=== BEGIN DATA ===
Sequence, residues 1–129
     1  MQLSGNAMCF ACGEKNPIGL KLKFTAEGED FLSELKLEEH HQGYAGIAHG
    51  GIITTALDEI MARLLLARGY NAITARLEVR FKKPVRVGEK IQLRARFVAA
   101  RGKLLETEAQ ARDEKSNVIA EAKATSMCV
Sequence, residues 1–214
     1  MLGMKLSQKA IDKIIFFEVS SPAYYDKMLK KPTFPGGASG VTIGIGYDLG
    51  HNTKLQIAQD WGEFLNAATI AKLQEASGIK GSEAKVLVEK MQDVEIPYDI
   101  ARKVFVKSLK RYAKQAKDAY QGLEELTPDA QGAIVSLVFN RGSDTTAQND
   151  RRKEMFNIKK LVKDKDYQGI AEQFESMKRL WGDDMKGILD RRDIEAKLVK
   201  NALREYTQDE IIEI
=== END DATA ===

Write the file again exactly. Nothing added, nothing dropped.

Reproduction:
Sequence, residues 1–129
     1  MQLSGNAMCF ACGEKNPIGL KLKFTAEGED FLSELKLEEH HQGYAGIAHG
    51  GIITTALDEI MARLLLARGY NAITARLEVR FKKPVRVGEK IQLRARFVAA
   101  RGKLLETEAQ ARDEKSNVIA EAKATSMCV
Sequence, residues 1–214
     1  MLGMKLSQKA IDKIIFFEVS SPAYYDKMLK KPTFPGGASG VTIGIGYDLG
    51  HNTKLQIAQD WGEFLNAATI AKLQEASGIK GSEAKVLVEK MQDVEIPYDI
   101  ARKVFVKSLK RYAKQAKDAY QGLEELTPDA QGAIVSLVFN RGSDTTAQND
   151  RRKEMFNIKK LVKDKDYQGI AEQFESMKRL WGDDMKGILD RRDIEAKLVK
   201  NALREYTQDE IIEI